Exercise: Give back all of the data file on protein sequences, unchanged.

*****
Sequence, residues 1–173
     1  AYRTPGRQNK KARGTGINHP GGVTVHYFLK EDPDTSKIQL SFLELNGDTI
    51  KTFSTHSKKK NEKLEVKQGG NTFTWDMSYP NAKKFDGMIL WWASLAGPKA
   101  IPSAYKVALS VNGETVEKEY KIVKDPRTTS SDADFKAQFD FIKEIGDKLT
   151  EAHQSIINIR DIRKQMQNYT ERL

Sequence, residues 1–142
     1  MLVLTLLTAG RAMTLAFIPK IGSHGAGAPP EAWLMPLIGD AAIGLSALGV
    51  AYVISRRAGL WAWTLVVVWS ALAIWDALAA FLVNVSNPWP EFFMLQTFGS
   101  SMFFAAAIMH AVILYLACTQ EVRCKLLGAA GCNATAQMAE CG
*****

Sequence, residues 1–173
     1  AYRTPGRQNK KARGTGINHP GGVTVHYFLK EDPDTSKIQL SFLELNGDTI
    51  KTFSTHSKKK NEKLEVKQGG NTFTWDMSYP NAKKFDGMIL WWASLAGPKA
   101  IPSAYKVALS VNGETVEKEY KIVKDPRTTS SDADFKAQFD FIKEIGDKLT
   151  EAHQSIINIR DIRKQMQNYT ERL

Sequence, residues 1–142
     1  MLVLTLLTAG RAMTLAFIPK IGSHGAGAPP EAWLMPLIGD AAIGLSALGV
    51  AYVISRRAGL WAWTLVVVWS ALAIWDALAA FLVNVSNPWP EFFMLQTFGS
   101  SMFFAAAIMH AVILYLACTQ EVRCKLLGAA GCNATAQMAE CG